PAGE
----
skip to main content
OSTI.GOV title logo U.S. Department of Energy
Office of Scientific and Technical Information

Title: Leveraging accelerated testing of LED drivers to model the reliability of two-stage and multi-channel drivers

Abstract

The next wave of LED lighting technology is likely to be tunable white lighting (TWL) devices which can adjust the colour of the emitted light between warm white (~ 2700 K) and cool white (~ 6500 K). This type of lighting system uses LED assemblies of two or more colours each controlled by separate driver channels that independently adjust the current levels to achieve the desired lighting colour. Drivers used in TWL devices are inherently more complex than those found in simple SSL devices, due to the number of electrical components in the driver required to achieve this level of control. The reliability of such lighting systems can only be studied using accelerated stress tests (AST) that accelerate the aging process to time frames that can be accommodated in laboratory testing. This paper describes AST methods and findings developed from AST data that provide insights into the lifetime of the main components of one-channel and multi-channel LED devices. The use of AST protocols to confirm product reliability is necessary to ensure that the technology can meet the performance and lifetime requirements of the intended application.

Authors:
; ; ; ;
Publication Date:
Research Org.:
RTI International
Sponsoring Org.:
USDOE
OSTI Identifier:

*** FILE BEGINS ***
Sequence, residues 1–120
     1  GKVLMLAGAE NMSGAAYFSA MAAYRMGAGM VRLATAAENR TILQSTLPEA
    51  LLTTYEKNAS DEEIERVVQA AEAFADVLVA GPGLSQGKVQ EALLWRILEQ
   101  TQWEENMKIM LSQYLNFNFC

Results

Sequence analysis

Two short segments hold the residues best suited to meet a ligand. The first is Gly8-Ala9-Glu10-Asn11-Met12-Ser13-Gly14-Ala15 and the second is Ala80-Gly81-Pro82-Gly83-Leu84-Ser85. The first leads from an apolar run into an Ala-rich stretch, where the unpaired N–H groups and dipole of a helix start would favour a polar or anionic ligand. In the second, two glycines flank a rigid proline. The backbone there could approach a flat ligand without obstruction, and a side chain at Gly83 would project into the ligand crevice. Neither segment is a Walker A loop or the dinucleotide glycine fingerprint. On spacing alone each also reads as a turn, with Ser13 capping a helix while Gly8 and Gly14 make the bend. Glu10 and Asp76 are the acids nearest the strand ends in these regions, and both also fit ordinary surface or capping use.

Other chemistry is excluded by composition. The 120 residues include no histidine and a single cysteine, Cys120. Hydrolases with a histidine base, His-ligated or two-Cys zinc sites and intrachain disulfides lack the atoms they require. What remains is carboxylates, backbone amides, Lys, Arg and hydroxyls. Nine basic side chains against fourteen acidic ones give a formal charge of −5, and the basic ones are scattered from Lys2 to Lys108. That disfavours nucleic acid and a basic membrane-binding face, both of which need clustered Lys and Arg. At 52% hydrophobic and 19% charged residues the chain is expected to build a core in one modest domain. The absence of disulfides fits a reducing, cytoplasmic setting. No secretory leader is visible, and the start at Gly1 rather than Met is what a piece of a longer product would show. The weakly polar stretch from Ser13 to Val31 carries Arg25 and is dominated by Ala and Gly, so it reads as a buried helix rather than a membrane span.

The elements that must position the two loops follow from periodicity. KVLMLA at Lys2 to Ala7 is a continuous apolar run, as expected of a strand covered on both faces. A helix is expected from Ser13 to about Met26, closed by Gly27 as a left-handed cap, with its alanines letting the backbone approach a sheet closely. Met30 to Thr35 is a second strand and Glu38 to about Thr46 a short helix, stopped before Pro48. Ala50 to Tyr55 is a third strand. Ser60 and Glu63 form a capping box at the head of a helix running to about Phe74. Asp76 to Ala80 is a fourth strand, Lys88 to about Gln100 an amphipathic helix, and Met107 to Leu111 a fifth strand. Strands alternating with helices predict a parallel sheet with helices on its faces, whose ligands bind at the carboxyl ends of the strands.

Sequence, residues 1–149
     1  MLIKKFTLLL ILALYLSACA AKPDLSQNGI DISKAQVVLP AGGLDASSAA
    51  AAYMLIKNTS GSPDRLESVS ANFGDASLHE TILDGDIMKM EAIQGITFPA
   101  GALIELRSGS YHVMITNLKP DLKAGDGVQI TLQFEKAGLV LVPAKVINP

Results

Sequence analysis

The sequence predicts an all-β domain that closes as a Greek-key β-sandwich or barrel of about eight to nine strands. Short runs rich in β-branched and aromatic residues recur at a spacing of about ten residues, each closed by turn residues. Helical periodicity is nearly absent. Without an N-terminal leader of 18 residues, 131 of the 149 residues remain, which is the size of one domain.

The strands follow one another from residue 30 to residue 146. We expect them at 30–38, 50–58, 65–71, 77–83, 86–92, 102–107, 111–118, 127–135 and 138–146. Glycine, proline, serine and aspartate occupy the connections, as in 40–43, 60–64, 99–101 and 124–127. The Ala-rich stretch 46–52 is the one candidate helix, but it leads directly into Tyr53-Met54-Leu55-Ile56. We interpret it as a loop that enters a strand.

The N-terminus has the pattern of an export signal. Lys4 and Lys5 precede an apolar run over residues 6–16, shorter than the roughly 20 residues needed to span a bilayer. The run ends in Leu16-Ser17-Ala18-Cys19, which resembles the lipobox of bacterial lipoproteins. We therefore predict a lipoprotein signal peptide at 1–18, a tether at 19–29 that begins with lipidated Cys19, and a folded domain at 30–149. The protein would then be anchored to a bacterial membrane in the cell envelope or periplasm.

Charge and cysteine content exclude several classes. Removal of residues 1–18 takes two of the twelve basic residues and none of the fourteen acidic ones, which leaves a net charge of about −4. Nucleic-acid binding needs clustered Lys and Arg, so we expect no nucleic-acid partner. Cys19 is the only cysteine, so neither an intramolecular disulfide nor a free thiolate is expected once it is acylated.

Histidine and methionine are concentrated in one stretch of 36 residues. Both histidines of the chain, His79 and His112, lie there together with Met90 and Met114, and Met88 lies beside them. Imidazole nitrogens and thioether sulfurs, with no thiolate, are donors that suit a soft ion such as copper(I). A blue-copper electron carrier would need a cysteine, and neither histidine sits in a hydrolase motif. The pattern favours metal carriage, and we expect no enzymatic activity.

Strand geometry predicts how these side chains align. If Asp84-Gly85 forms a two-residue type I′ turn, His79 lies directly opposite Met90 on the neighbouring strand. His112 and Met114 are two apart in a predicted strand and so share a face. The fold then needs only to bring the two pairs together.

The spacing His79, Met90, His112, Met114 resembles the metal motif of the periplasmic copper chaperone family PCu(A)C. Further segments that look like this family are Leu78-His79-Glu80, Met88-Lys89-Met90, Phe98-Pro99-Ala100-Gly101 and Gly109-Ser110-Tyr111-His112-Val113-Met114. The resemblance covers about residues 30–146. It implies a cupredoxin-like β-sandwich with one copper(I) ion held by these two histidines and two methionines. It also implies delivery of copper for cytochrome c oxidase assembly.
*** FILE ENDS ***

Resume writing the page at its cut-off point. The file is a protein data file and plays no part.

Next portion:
1358545
DOE Contract Number:
EE0007081
Resource Type:
Conference
Resource Relation:
Conference: The Intersociety Conference on Thermal and Thermomechanical Phenomena in Electronic Systems (ITHERM 2017), Orlando, Florida, USA May 30 - June 2, 2017
Country of Publication:
United States
Language:
English

Citation Formats

Davis, Lynn, Perkins, Curtis, Smith, Aaron, Clark, Terry, and Mills, Karmann. Leveraging accelerated testing of LED drivers to model the reliability of two-stage and multi-channel drivers. United States: N. p., 2017. Web.
Davis, Lynn, Perkins, Curtis, Smith, Aaron, Clark, Terry, & Mills, Karmann. Leveraging accelerated testing of LED drivers to model the reliability of two-stage and multi-channel drivers. United States.
Davis, Lynn, Perkins, Curtis, Smith, Aaron, Clark, Terry, and Mills, Karmann. Tue . "Leveraging accelerated testing of LED drivers to model the reliability of two-stage and multi-channel drivers". United States. doi:. https://www.osti.gov/servlets/purl/1358545.
@article{osti_1358545,
title = {Leveraging accelerated testing of LED drivers to model the reliability of two-stage and multi-channel drivers},
author = {Davis, Lynn and Perkins, Curtis and Smith, Aaron and Clark, Terry and Mills, Karmann},